Cameras replacing mirrors blamed for spider housing crisis
‘No one thinks of the little guy' says friendly neighbourhood spider
Here's TopGear.com's roving correspondent, Cory Spondent, with his mostly incorrect exclusives from the world of motoring
The rise of cameras replacing wing mirrors on EVs has triggered a housing shortage for spiders, it is claimed, with the number of eight-legged stowaways in sharp decline.
Cameras - which are typically sleeker than traditional mirrors in order to cut aerodynamic drag - don't offer enough surface area on which to anchor a harmless-yet-unsightly cobweb.
Wide-angle lens cameras also tend to be entirely sealed, meaning spiders have nowhere to hide while you dismantle the web on your 1.0-litre Corsa that will be entirely rebuilt by tomorrow morning.
"I thought the advent of auto-folding mirrors was bad, but this situation is much, much worse," explained a spider, who asked to remain anonymous. "It's getting harder and harder to find somewhere to live.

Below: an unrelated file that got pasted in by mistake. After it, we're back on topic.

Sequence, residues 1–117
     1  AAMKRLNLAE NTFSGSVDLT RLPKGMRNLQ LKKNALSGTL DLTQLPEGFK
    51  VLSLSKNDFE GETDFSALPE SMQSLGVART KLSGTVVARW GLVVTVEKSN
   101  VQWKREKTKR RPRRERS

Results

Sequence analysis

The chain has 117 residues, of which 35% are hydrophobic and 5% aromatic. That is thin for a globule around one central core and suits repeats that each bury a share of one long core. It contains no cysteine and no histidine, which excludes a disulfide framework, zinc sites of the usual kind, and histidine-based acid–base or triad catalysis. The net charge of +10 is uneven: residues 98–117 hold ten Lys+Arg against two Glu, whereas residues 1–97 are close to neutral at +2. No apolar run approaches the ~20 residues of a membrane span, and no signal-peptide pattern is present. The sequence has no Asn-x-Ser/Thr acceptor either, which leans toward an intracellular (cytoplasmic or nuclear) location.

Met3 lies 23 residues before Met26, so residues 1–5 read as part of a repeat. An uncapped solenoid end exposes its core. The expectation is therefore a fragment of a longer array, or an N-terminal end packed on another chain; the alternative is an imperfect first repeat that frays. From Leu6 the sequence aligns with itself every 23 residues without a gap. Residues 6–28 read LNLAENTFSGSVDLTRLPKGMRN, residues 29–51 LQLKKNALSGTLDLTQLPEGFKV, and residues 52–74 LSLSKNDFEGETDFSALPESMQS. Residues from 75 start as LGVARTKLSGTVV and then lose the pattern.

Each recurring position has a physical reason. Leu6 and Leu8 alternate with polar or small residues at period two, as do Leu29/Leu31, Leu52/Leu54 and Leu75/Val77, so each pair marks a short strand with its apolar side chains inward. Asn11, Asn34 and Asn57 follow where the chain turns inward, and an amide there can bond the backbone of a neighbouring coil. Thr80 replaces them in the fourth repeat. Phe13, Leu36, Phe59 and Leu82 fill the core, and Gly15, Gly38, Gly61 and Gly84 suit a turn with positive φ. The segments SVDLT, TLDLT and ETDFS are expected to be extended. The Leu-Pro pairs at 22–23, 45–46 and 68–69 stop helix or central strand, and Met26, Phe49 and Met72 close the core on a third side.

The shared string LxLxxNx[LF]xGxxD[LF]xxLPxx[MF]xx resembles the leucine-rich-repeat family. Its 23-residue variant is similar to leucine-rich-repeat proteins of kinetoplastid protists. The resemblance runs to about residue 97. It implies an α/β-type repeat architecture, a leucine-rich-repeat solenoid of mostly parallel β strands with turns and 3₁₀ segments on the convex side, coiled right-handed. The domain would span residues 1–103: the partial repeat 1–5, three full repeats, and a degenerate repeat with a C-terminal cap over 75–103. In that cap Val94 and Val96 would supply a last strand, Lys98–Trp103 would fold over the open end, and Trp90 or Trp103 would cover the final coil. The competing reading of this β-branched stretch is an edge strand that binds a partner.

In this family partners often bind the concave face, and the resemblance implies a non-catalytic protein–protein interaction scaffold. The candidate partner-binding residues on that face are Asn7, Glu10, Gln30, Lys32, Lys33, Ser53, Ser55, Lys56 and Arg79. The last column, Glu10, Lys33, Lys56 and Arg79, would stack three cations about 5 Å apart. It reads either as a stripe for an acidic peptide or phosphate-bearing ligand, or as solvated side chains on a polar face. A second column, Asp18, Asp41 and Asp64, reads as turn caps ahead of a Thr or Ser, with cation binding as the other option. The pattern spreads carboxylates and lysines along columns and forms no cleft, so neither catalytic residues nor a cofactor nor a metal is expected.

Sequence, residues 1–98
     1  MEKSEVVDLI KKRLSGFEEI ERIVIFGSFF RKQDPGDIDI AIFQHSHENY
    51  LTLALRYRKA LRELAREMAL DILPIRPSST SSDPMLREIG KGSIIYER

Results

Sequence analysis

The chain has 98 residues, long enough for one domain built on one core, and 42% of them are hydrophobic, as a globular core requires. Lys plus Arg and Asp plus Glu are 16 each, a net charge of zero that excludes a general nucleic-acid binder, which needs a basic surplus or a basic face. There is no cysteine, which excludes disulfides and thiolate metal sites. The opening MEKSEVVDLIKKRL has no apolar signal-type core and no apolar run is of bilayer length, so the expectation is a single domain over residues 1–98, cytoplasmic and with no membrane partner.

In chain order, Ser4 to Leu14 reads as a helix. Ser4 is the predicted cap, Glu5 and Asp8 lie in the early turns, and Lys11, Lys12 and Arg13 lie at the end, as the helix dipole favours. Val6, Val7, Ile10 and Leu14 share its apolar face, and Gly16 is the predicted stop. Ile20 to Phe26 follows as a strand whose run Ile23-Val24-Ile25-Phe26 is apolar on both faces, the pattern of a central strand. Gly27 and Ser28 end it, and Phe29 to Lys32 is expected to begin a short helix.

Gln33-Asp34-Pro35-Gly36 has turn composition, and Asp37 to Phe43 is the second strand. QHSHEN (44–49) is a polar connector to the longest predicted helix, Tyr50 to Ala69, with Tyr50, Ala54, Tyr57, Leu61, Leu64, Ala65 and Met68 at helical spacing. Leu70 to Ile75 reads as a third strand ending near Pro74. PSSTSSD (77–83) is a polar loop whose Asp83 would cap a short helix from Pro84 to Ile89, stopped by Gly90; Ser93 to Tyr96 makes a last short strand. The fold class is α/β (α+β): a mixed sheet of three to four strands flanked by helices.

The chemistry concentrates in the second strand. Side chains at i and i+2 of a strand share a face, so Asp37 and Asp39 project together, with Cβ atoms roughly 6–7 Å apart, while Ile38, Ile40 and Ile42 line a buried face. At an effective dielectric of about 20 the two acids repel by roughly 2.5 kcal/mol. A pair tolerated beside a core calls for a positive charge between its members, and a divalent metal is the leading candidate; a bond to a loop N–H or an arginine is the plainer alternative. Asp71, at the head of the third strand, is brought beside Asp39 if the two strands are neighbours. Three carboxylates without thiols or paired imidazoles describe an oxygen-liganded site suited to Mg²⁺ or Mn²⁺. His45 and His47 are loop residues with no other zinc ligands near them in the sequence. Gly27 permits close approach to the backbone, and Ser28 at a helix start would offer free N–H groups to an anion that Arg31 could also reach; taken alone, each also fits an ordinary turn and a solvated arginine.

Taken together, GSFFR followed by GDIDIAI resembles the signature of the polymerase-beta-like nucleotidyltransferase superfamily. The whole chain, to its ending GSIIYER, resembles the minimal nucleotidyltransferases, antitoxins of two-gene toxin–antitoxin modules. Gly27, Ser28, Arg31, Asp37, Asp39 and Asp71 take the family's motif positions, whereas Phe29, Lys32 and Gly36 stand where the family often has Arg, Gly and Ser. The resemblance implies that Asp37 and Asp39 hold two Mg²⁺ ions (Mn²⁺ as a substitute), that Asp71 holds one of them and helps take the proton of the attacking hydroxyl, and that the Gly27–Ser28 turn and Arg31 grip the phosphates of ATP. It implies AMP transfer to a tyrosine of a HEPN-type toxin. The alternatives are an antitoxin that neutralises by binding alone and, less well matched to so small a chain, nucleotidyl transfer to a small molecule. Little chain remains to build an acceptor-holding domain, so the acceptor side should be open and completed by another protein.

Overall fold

"Manufacturers don't seem to realise we need simple, affordable housing, not this luxury stuff that only the top one per cent can buy. Where are my hundreds of eggs going to hatch?"
"Eventually we're just going to have to move into your car proper: under the seats, hanging from the headliner, inside the instrument binnacle,” it added, before whispering: “We could be anywhere.
"Like the sound of that? Huh? No. Now spec that Ioniq 5 with real mirrors like a respectable human being and we'll consider the matter closed."
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